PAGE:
HomeScienceHistoric graffiti made by soldiers sheds light on Africa maritime

Historic graffiti made by soldiers sheds light on Africa maritime

master mentalism tricks

The southwestern tower of Zanzibar Fort, in which many of the ship graffiti are located. Credit: Alessandro Ghidoni

Historic graffiti of ships carved in an African fort were drawn by soldiers on guard duty watching the sea, University of Exeter experts believe.

The engravings, found in Tanzania’s Zanzibar archipelago and made in the mid to late nineteenth century, open a window onto the ships that sailed on the western Indian Ocean at the time.

They were made when the area was the southern terminus of a trans-oceanic trade network that used the monsoon winds. Vessels anchored, beached and unloaded their cargoes along the length of the waterfront just outside the Old Fort, or Gereza, of Stone Town, Zanzibar’s capital.

Although sometimes sketchy, the images suggest a number of vessel types, including a European-style frigate or frigate-built vessel and a number of settee-rigged ocean-going vessels often called ‘dhows’. Some appear to have transom sterns, hinting at particular types of ship such as the baghla, ghanja, sanbūq or kotia. Two might also depict the prows of the elusive East African mtepe—a ship that was sewn together, rather than being nailed.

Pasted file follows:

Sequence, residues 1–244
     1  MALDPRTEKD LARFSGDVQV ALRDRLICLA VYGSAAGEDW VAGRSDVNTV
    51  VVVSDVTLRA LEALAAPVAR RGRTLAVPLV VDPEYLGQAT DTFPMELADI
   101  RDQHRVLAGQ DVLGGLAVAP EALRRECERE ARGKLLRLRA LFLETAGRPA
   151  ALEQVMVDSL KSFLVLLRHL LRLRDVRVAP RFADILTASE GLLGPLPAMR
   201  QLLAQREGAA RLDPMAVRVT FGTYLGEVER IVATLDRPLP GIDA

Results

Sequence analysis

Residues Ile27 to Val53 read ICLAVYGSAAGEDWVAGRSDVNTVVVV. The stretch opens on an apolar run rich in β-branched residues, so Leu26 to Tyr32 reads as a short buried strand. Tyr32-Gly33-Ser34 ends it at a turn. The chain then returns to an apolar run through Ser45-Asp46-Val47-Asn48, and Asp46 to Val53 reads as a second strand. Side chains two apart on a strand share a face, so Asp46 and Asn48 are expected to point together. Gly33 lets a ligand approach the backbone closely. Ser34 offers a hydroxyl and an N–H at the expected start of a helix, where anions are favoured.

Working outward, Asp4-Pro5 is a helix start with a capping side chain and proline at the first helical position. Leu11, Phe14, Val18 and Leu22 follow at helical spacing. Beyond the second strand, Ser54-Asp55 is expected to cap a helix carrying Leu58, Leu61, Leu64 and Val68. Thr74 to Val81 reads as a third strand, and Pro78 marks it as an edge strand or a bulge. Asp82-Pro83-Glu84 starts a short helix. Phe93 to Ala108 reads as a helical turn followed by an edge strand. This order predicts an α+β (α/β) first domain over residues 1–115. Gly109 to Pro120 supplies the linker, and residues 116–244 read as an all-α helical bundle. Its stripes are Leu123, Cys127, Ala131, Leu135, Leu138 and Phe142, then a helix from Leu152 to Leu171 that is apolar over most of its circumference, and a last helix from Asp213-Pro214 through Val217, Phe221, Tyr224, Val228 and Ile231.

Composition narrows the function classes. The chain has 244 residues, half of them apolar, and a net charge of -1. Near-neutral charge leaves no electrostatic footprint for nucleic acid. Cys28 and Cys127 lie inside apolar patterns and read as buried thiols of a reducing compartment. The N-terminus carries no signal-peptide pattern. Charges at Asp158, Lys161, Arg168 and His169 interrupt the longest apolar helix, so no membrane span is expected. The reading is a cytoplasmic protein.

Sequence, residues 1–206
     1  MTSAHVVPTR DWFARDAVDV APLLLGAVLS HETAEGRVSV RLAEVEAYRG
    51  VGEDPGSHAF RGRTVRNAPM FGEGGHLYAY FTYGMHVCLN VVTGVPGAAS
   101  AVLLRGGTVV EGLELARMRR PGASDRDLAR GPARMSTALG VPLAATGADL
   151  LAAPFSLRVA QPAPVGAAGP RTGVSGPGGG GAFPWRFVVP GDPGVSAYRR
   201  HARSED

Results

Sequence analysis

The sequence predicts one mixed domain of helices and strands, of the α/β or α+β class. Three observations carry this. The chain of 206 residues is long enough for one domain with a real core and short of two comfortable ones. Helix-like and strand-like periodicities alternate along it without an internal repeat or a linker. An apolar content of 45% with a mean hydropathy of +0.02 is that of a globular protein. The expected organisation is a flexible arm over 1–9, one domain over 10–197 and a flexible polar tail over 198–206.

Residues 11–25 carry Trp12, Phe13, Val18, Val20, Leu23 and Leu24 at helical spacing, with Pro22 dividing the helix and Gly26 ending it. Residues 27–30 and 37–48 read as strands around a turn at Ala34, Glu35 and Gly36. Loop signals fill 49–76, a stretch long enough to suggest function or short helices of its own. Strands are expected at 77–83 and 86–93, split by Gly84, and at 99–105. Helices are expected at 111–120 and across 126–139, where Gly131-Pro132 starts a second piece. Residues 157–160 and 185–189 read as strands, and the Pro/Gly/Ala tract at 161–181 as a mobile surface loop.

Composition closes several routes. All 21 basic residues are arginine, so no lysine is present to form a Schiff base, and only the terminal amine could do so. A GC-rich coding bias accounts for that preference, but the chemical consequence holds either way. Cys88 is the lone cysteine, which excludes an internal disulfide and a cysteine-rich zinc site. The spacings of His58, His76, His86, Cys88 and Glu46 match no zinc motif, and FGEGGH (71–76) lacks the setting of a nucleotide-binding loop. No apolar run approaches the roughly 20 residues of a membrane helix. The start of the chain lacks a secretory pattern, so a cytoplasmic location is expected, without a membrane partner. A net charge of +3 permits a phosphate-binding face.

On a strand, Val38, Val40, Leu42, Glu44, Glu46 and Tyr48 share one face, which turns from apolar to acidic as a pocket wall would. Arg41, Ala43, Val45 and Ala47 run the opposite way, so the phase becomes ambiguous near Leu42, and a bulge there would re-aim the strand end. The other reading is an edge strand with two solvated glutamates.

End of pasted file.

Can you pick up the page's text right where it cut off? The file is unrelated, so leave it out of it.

All of the graffiti depict ships that would have been easily visible from the ramparts of the fort itself or by stepping a few paces outside its door.

Dr Alessandro Ghidoni records a ship graffito in the southwestern tower of Zanzibar Fort. Credit: John P Cooper

In the eighteenth century, the rulers of Oman began to develop the Gereza as one of their main fortifications in the region. From it they oversaw and controlled the trade in raw materials and enslaved people from the African interior passing through Zanzibar. Having developed spice plantations on the archipelago, they subsequently shifted their political base from Arabia to Zanzibar. The fort was abandoned in the nineteenth century.

The most detailed and intriguing image among the graffiti is a rendition of a three-masted frigate or frigate-built vessel such as a corvette. Frigate-built and other square-rigged ships from Western powers visited Zanzibar during this time, but the Omani navy also had a number of their own.